With an off night tonight for the big club, Clay Buchholz and the Pawtucket Red Sox will get top billing on NESN this evening. For those of us who have been itching to see Buchholz pitch this season having heard of his dominance in AAA, this may be the only opportunity that we get. While Buchholz might be in control in Pawtucket, his future is frustratingly out of his control.
That frustration of “wasting bullets” in Pawtucket may be eating at the talented young right hander more than we’ve been lead to believe in the public eye.
It’s no secret that (a) Clay Buchholz is dominating in the minors right now and like Daniel Bard before him, has nothing to prove in Pawtucket that he hasn’t already and (b) with John Smoltz impending return, there is no room for that talent in Boston right now.
In a recent interview with NECN’s Mike Giardi, Clay candidly admits to just how frustrating this has become for him.
I’ve had talks with my agent for the past month-and-a-half, two months and it’s been just basically the same thing. There’s nowhere to go and it’s sort of a logjam up there. They’re doing whatever they feel is right up there (in Boston) for the team to win. Whenever they come to a problem it seems like they come up with a way to fix it without me being in the picture. It is what it is. It’s frustrating at times, but I’m going out and every fifth day here trying to help this team win and trying to get better every time I go out.
Everybody knows that this game doesn’t last forever, especially for a pitcher. More position players have their long careers, and it could be any one pitch that you throw and then you blow out and your career is over or you have a year-and-a-half setback and it’s really hard to come back from something like that. I feel like I don’t want to waste bullets here (in Pawtucket) whenever I do feel ready to actually be there and help the team win. I feel like I’m ready to go and hopefully in the next month or so I’ll get that chance.
*the full interview can be seen here:
As I listen to Buchholz respond to some pointed questions from Giardi, I can’t help but have mixed emotions. First, he’s obviously frustrated with performing well but not having the chance to pitch in front of the Fenway Faithful. I can understand and as a fan encourage that combination of drive, desire, and confidence that would yield those feelings. Clay Buchholz has done everything that he needs to do to clear his path back to Boston. The trouble isn’t with him, it is with the portfolio of pitchers the Red Sox have amassed “ahead” of him on the active roster.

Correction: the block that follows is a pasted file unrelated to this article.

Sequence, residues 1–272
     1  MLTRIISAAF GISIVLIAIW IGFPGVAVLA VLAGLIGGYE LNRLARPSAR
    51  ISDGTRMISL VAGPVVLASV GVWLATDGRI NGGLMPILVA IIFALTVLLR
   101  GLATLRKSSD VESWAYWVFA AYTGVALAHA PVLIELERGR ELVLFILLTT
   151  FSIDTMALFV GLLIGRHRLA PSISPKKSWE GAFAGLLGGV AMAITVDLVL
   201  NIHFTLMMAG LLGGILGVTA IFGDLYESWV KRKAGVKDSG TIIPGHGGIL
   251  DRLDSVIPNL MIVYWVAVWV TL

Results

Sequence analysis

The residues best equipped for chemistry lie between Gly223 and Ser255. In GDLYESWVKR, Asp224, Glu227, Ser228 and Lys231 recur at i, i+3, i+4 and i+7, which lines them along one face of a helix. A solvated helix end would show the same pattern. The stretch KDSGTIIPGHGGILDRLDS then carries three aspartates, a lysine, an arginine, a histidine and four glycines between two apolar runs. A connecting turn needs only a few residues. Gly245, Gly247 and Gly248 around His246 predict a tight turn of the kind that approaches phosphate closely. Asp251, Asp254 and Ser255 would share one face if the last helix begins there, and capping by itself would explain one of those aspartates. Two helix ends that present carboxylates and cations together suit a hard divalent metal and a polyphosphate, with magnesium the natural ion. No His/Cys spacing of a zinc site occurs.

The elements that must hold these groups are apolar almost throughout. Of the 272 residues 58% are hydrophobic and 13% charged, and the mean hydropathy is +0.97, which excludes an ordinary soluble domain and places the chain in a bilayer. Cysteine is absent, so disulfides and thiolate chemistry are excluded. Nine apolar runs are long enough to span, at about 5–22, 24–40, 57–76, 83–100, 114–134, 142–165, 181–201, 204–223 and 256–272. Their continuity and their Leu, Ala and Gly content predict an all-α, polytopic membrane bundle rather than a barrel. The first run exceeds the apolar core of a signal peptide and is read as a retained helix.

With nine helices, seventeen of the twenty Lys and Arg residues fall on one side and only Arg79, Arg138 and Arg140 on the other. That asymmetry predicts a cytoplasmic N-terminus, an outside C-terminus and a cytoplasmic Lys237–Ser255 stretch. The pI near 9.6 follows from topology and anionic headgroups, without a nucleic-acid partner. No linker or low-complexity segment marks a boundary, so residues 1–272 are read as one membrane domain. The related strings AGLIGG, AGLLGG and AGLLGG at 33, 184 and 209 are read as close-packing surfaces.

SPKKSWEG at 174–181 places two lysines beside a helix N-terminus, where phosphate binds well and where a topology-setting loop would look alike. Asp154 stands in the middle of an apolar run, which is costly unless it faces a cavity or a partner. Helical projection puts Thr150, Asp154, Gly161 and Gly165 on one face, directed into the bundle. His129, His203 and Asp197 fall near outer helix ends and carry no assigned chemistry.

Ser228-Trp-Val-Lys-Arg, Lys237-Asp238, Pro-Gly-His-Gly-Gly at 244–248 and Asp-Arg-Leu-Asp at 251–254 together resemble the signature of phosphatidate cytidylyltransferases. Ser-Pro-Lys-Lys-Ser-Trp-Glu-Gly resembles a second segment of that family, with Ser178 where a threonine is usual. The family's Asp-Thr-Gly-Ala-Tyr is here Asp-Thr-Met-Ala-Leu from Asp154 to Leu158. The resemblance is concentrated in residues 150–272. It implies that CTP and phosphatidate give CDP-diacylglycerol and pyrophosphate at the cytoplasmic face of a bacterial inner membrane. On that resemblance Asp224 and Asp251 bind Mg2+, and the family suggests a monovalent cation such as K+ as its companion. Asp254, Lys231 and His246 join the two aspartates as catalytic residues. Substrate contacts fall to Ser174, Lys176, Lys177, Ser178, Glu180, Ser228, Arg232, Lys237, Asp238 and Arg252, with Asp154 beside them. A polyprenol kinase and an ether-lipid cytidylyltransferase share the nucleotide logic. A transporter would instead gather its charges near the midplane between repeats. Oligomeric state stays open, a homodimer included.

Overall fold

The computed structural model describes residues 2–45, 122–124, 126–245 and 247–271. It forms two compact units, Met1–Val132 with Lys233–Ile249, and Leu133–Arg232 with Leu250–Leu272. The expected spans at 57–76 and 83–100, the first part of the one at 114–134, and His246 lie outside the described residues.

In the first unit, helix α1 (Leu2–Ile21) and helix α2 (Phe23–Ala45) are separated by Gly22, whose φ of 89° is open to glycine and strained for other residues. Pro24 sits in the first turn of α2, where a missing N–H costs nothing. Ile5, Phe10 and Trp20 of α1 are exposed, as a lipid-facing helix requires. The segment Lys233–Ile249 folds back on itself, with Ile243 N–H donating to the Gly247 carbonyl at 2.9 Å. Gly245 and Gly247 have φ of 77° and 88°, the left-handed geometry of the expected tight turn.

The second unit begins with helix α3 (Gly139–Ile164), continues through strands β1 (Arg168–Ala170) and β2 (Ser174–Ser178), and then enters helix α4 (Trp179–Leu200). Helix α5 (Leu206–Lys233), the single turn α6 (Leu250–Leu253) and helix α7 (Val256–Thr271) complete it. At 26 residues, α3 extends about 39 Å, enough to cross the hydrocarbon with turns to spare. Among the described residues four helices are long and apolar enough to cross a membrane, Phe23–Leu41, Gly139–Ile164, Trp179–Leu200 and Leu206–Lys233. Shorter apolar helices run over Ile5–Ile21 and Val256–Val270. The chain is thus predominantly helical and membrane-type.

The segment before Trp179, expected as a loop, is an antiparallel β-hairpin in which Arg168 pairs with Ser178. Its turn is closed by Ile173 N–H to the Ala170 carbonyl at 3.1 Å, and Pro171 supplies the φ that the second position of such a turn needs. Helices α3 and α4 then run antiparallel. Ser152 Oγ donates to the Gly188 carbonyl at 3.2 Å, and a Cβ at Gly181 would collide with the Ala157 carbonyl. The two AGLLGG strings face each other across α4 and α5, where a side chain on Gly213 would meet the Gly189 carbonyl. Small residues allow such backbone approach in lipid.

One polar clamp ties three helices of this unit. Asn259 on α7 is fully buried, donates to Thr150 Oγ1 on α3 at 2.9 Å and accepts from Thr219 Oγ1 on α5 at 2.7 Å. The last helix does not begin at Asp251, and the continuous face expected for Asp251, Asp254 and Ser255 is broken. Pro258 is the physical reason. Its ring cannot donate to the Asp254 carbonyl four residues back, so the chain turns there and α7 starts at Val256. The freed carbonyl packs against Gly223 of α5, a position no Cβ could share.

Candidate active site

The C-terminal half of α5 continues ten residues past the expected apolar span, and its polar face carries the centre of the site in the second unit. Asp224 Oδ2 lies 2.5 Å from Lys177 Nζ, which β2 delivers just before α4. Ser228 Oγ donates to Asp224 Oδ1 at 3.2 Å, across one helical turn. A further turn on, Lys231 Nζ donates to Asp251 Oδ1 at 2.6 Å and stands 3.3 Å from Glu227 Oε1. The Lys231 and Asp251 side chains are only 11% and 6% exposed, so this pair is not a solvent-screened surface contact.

At the same time, I find a few things here disconcerting. That he’s talking openly to the media about what are rightful private or “behind closed doors” with the organization feelings signifies to me that this is beginning the strike more than just any nerve with Buchholz. That he’s been talking actively with his agent for the past month and a half further solidifies that, in his eyes, this situation should come to a head on a more aggressive timeline than he’s currently been given.
This is a complicated decision for the organization with no clear right answer. If the Red Sox were to look at their staff today with nothing more than ability in mind, Daisuke Matsuzaka might be the most expendable of the bunch due to his inconsistency and the notion that instead of #1 or #2 starter stuff, he’s really plateaued as a third starter at best pitcher. Tim Wakefield may be a potential All-Star, but he also falls right into a group with Brad Penny and the question mark that is John Smoltz next in line. Ironically enough, I would put Buchholz just behind the two clear studs, Beckett and Lester, in the “ability” lineup.
But when you add context to these pitchers contracts and relative situations, the Red Sox decision becomes more than just difficult, it becomes nearly impossible. Like it or not, Daisuke Matsuzaka isn’t going anywhere, possibly not even to the DL as many might like to think. Tim Wakefield isn’t going to the bullpen and John Smoltz, while he could and is willing, probably shouldn’t. While trade rumors will continue to persist, Brad Penny may be in the process of pitching his way “into” this team’s 2009 plans instead of out of them.
What will the Red Sox do? We’ll know a little more tomorrow as Terry Francona rolls out the plan for the next week. Unfortunately for Clay, right or wrong, I don’t think his name will be a part of that short term plan.